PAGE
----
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PPI Proposes Countering China with Smart, Targeted Strategy—Not Tariffs & Trade Wars—to Secure American Competitiveness

By / 6.20.2018

The President’s blunt goal of reducing America’s trade deficit with China won’t address the threat of China’s high-tech mercantilism

WASHINGTON —The Progressive Policy Institute (PPI) today released a new report by Ed Gerwin, Senior Fellow for Trade & Global Opportunity, proposing a smart, targeted long-term U.S. strategy to combat China’s state-directed technology mercantilism, instead of the unfocused protectionist approach being pursued by the Trump Administration.

“The Trump Administration is right to highlight the threat that China’s state-directed technology mercantilism poses to America’s economic future,” says Gerwin. “But the Administration’s strategy—based on duties that damage the American economy and ‘America First’ policies that alienate our allies—is flawed, and won’t change China’s bad behavior. Neither will doubling down on that ill-considered strategy through this week’s announcement of additional trade taxes on $200 billion in Chinese-origin goods.”

“Instead of tariffs and trade wars, the United States needs to pursue a tough, targeted, long-term strategy that enlists allies, enforces rules and writes new ones, focuses negotiations, and ratchets up pressure on China—all while advocating aggressively to keep global markets open. We detail such a strategy in our new report.”

According to Gerwin, the linchpin of China’s future-oriented mercantilism is an extensive array of plans, policies, rules, and practices to enable the transfer and assimilation of foreign technology and intellectual property for China’s benefit. To achieve these goals, China is employing many unfair or illegal measures, including using foreign ownership restrictions and licensing approvals to compel American companies to transfer their technology, and directing and funding a highly coordinated effort by Chinese state-owned and private firms to acquire foreign tech firms. China’s conduct poses a threat to the United States, Gerwin notes, where IP-intensive industries alone support more than 45 million jobs and represent 39 percent of U.S. GDP.

But threatening duties on Chinese products is unlikely to upend China’s innovation mercantilism, Gerwin argues. Duties are likely to increase American consumer prices and reduce vital technology investments, while a tit-for-tat tariff war with China could cost an estimated 455,000 American jobs, most in less-skilled sectors. The Administration’s “go-it-alone” approach to trade is also alienating allies in Europe, Japan, Korea, and elsewhere who should be natural allies in opposing China’s technology mercantilism. Finally, there’s significant concern that President Trump may undercut the long-term effort required to address Chinese mercantilism by, instead, focusing on short-term “wins.”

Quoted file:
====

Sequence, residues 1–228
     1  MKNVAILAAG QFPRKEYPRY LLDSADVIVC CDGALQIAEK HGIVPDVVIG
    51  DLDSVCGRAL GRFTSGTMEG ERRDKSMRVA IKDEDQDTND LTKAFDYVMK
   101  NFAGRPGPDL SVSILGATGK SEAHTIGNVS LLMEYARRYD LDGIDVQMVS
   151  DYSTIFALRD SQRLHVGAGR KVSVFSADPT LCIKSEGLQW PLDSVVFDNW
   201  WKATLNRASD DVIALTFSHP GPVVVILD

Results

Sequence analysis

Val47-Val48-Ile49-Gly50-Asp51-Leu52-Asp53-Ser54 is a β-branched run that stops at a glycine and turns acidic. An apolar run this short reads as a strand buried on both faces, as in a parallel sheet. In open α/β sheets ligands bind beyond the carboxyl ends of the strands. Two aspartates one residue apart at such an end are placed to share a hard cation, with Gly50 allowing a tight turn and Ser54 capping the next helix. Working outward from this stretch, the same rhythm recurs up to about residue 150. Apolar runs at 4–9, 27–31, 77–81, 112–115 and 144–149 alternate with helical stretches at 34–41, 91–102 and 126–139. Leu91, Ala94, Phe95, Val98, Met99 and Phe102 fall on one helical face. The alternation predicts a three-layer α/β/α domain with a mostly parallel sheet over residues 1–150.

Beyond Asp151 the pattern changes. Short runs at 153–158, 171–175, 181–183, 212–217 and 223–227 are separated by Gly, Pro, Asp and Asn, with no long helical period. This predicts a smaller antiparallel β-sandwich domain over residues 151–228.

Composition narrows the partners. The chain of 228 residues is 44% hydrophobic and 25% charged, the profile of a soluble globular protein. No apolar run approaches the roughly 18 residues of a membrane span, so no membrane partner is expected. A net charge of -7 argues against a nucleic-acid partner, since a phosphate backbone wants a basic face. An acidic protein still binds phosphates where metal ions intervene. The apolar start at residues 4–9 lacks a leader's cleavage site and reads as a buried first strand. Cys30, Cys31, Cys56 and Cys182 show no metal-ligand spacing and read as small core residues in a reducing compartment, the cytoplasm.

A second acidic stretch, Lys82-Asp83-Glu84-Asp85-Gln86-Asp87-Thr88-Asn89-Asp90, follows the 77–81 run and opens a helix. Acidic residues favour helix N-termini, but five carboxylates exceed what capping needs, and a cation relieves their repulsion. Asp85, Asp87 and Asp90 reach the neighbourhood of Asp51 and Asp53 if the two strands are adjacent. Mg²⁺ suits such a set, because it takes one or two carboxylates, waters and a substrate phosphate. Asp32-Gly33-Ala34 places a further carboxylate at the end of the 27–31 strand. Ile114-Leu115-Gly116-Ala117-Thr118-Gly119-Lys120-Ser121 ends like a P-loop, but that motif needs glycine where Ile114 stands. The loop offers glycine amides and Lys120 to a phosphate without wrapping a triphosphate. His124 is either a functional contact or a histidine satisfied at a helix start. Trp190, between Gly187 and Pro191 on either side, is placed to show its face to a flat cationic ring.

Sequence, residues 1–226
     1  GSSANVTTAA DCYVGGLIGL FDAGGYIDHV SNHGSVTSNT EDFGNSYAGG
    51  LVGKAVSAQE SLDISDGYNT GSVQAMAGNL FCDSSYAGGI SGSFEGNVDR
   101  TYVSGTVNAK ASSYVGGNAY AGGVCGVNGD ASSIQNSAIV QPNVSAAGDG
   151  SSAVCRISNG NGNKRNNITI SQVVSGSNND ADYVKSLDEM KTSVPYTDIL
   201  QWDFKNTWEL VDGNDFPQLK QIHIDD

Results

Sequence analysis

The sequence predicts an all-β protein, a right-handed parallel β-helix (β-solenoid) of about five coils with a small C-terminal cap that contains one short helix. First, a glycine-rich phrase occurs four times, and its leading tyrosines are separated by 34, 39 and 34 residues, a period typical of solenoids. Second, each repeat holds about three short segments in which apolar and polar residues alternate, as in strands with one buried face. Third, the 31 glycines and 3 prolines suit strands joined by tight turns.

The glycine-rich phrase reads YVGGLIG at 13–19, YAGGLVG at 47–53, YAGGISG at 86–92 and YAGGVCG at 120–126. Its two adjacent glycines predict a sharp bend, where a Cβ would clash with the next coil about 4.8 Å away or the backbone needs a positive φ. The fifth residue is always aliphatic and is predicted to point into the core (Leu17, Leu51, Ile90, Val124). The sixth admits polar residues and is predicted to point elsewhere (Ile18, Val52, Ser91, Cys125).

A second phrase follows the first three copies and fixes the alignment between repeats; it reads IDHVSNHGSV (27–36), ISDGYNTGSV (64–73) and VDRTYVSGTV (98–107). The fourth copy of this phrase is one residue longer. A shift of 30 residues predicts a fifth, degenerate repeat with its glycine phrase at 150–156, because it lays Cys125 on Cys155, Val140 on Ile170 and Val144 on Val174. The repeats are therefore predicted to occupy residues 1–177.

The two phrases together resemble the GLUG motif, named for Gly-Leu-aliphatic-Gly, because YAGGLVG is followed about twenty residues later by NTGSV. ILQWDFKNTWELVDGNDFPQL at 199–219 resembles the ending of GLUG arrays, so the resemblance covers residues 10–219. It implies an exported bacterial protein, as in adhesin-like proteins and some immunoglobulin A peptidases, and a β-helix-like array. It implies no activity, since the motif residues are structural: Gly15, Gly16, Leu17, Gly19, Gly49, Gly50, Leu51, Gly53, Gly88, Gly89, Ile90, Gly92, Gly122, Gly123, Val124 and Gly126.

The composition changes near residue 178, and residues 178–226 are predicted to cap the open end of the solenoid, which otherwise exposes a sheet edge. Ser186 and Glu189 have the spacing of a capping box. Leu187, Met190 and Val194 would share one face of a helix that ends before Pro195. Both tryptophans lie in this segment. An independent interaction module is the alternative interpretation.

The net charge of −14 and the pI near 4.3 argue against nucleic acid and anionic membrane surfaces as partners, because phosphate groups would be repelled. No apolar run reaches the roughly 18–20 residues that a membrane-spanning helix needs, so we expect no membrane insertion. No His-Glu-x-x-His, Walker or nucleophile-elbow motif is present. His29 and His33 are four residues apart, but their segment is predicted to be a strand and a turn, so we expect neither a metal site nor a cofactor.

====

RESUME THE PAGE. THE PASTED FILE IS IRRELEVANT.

America should keep all options on the table in opposing China’s abusive innovation practices, including targeted and intensifying trade sanctions, writes Gerwin. But these tactics must be part of a smarter, focused, long-term U.S. strategy that includes:

  • Working more closely with—and not needlessly alienating—trade partners who also face threats from China’s unfair technology practices;
  • Using the WTO much more aggressively to launch a bold series of WTO challenges to China’s multiple rules violations;
  • Leading a global effort to establish new rules and norms to address China’s unfair innovation practices that aren’t covered by existing global trade rules, including new rules to limit digital protection-ism and unfair competition by SOEs; and
  • Designating a single, high-level official to lead focused negotiations to seek specific and verifiable commitments from China on ending China’s use of abusive practices that harm American competitors in innovative industry sectors

Gerwin calls on Congress to play a more active role in confronting China’s high-tech mercantilism by:

  • Establishing a clear set of negotiating objectives for China that underscore the primacy of eliminating China’s abusive innovation policies;
  • Providing additional resources to support ramped-up investigation, consultation, and enforcement related to China’s unfair trade and technology practices;
  • Amending current law to broaden Executive Branch authority to use national security reviews, export controls, and other tools to address security and industrial base threats posed by China’s acquisitions and technology demands; and
  • Establishing an escalating series of sanctions that would kick in if China fails to make verifiable progress in eliminating abusive innovation practices, potentially including reciprocal restrictions on Chinese technology licensing, the withdrawal of U.S. scientific and technical cooperation, and/or targeted sanctions on Chinese products based on stolen or unfairly obtained American know-how.

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